AUGUST 13, 2020
Event: U.S. Consulate General Toronto resumes public appointments for American citizen services
BEGIN Message for U.S. Citizens
The U.S. Consulate General Toronto is now accepting a limited number of appointments for most U.S. citizen services. You can request an appointment for routine and emergency passport services, Consular Report of Birth Abroad (CRBA) services, and adult citizenship claims by emailing us at TorontoPassport@state.gov. Please note that appointment numbers are limited to prevent crowding, and therefore wait times for appointments will be longer than normal. We appreciate your patience and support for our mutual efforts to prevent the further spread of COVID-19.
We are not offering routine visa services at this time. For information on visa appointments, visit https://ais.usvisa-info.com/en-ca/niv.
August 15, 2020: On the other hand renunciation appointments are closed down with no reopening in sight …
The health and safety of those who work at and visit the Embassy and Consulates is our highest priority. In response to the global pandemic COVID-19, and in line with the Canadian government’s call to increase social distancing, the CLN Processing Center has suspended Loss of Nationality services until further notice. We will resume routine services as soon as possible but are unable to provide a specific date at this time.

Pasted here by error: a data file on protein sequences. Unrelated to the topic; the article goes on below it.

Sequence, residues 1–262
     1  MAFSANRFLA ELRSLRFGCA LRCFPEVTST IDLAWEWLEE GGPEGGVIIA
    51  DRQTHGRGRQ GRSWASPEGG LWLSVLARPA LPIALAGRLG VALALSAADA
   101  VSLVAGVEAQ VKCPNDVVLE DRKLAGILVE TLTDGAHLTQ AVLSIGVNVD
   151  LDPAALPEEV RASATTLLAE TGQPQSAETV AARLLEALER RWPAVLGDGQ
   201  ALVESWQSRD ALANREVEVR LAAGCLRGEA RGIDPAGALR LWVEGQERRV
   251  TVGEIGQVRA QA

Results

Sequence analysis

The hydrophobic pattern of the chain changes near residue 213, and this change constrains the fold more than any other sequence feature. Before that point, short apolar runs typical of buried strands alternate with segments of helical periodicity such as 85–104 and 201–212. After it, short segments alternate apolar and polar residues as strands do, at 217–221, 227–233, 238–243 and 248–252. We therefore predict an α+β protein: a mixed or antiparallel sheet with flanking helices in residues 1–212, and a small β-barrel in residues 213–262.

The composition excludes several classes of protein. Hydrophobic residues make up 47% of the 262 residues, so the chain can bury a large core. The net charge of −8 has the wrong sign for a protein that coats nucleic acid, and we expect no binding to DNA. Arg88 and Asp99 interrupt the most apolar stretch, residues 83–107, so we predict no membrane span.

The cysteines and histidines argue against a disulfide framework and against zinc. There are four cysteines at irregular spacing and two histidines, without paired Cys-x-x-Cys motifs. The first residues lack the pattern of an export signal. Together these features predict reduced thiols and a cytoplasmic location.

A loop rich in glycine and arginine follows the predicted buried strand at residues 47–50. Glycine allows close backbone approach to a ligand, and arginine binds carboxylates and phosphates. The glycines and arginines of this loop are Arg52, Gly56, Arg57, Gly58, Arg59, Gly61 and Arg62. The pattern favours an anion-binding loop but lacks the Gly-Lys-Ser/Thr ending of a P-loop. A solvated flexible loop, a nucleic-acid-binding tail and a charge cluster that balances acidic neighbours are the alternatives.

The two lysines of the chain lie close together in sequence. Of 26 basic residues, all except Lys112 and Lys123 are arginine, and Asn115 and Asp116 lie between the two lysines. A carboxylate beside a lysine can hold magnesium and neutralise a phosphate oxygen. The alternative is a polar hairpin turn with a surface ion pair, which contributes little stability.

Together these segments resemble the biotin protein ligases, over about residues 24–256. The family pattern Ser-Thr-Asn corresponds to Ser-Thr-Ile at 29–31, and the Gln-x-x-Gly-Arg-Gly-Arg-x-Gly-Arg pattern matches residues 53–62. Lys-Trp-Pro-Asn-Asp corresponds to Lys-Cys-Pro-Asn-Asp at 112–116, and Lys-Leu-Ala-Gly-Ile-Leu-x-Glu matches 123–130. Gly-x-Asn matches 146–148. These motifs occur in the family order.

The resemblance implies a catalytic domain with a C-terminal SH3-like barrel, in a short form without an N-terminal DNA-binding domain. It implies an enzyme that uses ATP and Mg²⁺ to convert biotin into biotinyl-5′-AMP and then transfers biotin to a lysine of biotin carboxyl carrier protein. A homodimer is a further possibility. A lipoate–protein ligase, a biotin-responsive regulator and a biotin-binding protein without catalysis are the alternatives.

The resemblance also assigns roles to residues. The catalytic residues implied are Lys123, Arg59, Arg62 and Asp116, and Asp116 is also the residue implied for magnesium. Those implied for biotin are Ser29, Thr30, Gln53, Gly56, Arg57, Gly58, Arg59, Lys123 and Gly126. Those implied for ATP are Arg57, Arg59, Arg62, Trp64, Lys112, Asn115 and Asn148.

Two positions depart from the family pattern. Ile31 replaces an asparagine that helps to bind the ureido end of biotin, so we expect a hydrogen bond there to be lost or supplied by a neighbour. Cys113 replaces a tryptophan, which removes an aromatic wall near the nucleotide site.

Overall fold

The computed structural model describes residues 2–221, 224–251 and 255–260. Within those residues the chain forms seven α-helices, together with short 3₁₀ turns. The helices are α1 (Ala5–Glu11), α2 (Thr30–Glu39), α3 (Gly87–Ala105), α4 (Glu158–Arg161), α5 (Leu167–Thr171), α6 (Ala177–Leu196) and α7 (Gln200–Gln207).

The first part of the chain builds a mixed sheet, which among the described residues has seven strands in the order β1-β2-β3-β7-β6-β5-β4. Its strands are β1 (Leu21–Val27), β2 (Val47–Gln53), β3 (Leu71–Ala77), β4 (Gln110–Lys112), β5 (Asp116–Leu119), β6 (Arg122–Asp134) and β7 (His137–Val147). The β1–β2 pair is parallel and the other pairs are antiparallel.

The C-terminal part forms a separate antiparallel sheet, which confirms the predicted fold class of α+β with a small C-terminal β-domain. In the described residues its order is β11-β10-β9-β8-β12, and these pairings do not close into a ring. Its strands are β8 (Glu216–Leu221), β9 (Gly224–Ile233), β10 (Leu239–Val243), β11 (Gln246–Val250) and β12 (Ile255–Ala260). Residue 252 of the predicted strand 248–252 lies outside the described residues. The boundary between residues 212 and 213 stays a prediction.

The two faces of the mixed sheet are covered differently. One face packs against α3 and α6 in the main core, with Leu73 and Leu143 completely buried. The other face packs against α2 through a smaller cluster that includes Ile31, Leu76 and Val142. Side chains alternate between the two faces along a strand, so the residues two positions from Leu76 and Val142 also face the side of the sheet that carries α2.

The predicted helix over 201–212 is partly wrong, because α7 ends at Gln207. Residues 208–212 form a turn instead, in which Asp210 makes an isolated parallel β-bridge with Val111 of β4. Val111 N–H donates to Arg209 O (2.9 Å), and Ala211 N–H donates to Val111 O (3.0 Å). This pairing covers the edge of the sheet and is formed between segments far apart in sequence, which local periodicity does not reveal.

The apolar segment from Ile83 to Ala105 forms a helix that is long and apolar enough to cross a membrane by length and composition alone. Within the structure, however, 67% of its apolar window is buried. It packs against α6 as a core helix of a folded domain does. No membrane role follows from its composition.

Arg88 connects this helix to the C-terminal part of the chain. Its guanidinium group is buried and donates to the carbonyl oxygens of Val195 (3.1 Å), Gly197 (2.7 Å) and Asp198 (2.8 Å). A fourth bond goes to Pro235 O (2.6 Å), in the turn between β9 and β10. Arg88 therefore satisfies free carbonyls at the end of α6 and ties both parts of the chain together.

Please be advised that at this time, appointments through the end of July have already been canceled and we have yet to determine if further cancelations are to be made. Canceled appointments will be rescheduled prior to scheduling new appointments from the current queue when we eventually resume with this service. Please note that we have suspended scheduling and rescheduling for the foreseeable future and will resume when we have returned to normal routine operations. It will take several months to recover from the backlog, however your place in the queue remains unchanged.
We regret any inconvenience caused by the suspension of this service and appreciate your support for our efforts to safeguard U.S. facilities and prevent the further spread of COVID-19 in Canada.
Prologue: From Facebook To FATCA
— U.S. Citizen Abroad (@USCitizenAbroad) August 12, 2020
The above tweet references a 2013 post suggesting that the rise of Social Media in the United States resulted in a diminishment in the value of privacy in the United States. At a bare minimum, FATCA is an assault on privacy rights.
Jenny’s UK FATCA Lawsuit Is Based On The FATCA IGAs Violating Privacy Rights